On a recent Sunday, 27 January 2019, there were 200 people on the square, despite the frost. Children were feeding the pigeons, but adults were standing in small groups a little way off and chatting. Utility crews were on duty in the square, clearing up New Year decorations.
For Ales Ablyak, participating in public events has cost him his job. The chief doctor at the health centre where Ablyak worked started pushing him to give up his protest activities, and he resigned from his post: “I realised that someone with my views couldn’t work in a state institution.”
Ales Ablyak. Author: Eugenia Andreyuk.
In autumn 2018, police started arresting people involved in protest actions. In September, Yulia Zubik and Tatyana Fesikova were charged for attaching stickers to their coats with slogans opposing the construction of the battery plant while “feeding the pigeons”. Yulia was fined around £49 and a week later her husband was fined £30. In October, dozens of activists were charged with administrative offences.
This led others to join the campaign, as Valery Fominsky remembers. “I joined the protests when they arrested [Tatyana] Fesikova. I live in the centre, and I saw how police cars with their sirens going burst out of a neighbouring yard and went off somewhere. And then I read on the internet that they’d arrested Fesikova.”
In early 2019, the persecution of activists began to verge on the absurd, with what locals call the “Snowman Case”. Yulia Nichiporuk, a mother of two children, was charged with participating in an “unsanctioned mass event” for decorating a snowman, built by her children beside the battery plant, with a leaflet and a sticker. After a trial lasting two hours she was found guilty and sentenced to pay a fine of £9.30.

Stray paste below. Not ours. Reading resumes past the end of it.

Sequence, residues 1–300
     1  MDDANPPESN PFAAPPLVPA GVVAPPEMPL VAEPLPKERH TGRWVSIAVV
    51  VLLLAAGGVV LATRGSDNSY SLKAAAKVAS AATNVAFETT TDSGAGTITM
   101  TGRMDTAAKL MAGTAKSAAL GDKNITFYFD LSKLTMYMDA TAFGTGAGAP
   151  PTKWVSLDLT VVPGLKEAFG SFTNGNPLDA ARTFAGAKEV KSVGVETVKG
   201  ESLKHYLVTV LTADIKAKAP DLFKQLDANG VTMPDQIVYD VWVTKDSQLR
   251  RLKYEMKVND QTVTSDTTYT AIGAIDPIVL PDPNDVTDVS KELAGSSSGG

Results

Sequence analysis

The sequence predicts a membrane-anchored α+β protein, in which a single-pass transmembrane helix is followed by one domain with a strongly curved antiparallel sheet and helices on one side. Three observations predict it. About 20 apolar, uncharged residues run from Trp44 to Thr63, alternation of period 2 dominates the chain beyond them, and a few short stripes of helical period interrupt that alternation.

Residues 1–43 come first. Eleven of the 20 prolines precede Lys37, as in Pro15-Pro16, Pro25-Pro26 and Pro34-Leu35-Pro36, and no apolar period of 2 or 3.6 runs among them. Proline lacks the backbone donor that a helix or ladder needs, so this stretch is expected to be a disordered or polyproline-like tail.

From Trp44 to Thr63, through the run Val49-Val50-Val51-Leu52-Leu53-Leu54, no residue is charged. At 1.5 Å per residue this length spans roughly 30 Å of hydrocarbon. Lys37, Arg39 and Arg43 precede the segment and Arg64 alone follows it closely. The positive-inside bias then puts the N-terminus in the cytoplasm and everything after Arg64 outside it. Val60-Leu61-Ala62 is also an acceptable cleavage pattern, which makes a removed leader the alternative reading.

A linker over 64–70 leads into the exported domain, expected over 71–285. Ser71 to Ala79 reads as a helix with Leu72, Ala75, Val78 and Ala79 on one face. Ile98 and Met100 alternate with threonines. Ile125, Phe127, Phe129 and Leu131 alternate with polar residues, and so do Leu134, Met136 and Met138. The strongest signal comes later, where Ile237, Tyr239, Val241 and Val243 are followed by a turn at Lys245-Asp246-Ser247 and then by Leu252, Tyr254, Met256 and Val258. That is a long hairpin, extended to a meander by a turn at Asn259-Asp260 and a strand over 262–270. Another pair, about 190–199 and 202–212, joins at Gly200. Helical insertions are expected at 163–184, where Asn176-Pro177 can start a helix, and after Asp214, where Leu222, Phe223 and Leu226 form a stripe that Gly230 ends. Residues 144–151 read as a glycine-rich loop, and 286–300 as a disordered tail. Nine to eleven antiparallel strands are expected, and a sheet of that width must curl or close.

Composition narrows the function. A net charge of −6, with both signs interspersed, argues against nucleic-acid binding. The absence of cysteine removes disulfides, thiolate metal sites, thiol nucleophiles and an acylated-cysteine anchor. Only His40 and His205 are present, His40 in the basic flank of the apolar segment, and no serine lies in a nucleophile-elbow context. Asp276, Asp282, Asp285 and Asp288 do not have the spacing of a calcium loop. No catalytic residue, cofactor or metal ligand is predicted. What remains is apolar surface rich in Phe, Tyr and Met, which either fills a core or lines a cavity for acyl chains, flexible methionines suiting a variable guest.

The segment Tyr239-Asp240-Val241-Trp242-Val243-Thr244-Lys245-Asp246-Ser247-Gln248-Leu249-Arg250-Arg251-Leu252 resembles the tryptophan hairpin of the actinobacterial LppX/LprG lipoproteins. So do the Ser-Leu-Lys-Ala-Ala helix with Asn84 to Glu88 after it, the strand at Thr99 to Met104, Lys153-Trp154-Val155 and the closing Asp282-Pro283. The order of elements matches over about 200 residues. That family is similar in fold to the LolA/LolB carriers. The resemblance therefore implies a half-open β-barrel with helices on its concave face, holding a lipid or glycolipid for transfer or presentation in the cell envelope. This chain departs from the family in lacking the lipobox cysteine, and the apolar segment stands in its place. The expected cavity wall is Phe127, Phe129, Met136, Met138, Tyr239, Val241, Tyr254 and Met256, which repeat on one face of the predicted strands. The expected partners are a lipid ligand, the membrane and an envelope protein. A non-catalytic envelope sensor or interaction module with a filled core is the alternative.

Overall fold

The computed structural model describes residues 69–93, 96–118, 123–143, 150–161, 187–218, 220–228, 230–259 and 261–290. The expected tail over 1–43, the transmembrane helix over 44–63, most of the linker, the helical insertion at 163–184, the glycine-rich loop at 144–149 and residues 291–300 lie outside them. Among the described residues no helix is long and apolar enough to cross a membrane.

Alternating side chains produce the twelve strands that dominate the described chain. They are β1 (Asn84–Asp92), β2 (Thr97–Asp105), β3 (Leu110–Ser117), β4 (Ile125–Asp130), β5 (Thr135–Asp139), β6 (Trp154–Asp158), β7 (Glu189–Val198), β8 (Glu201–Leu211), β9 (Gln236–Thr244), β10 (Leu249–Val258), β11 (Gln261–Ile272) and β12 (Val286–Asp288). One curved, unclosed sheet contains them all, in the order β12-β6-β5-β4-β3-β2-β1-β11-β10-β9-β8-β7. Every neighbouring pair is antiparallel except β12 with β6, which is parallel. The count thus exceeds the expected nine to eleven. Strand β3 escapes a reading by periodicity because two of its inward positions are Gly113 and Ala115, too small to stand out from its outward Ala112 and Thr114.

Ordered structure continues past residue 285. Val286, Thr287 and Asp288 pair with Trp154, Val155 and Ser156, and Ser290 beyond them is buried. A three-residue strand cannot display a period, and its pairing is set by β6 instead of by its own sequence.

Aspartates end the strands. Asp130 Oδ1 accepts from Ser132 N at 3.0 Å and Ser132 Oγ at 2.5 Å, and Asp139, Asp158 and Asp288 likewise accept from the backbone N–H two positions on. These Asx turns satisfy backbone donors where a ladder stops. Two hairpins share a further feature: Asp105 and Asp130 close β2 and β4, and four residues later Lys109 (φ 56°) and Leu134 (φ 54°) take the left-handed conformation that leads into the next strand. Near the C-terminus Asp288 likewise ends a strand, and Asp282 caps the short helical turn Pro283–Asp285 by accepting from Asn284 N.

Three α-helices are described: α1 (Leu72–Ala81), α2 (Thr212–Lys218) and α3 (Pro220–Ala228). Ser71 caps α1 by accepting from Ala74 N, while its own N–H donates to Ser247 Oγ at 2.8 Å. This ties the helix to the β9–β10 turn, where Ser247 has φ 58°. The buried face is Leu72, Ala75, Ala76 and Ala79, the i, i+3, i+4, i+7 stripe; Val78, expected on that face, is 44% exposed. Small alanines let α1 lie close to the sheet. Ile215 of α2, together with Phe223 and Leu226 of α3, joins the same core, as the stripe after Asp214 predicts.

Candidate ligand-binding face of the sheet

Outside the courthouse where Yulia Nichiporuk's case was heard. Author: Eugenia Andreyuk.
Discussing the protest, Valery Fominsky, a Brest native in the fourth generation, talks about how the local middle class is becoming politicised.
“The districts where the plant is being built are home to the middle classes, and this group, which has always been outside of politics, is now becoming more politicised and putting forward political demands thanks to the regime’s idiotic actions. Initially these demands would all end in court, but now people have realised that fines were being given for nothing, that the courts weren’t real but were just a part of the repressive machine, the corrupt apparatus of the state.
“You just need to look at the decisions it takes, such as the corrupt decision to build a battery plant next to a city, so that someone can make money off our health.”
After being arrested and dragged through the courts, many activists say that they are no longer afraid of anything. At the end of December, activists approached the local authorities, requesting a regional referendum on the plant, but the request was turned down on the grounds that it was a project of national importance. Operations at the plant there were due to start in the summer of 2017, but no opening date has yet been made public. In January this year, the regional authorities announced that the administration buildings were supposed to open between 11 and 22 February.
But even if the plant does open, activists are not planning to step back. Some are hoping for a miracle; some are prepared for radical action. They all say that their lives, and for some their values as well, have changed considerably in the last year. “The thing that has struck me most over this year is how people who thought that everything was great in this country have changed their perceptions,” says Ales Ablyakov, drawing conclusions about the year just ended.
“I have become convinced that we need to fight and not be afraid to do what we do. We’re doing the right thing, and I think we’ll win in the end.”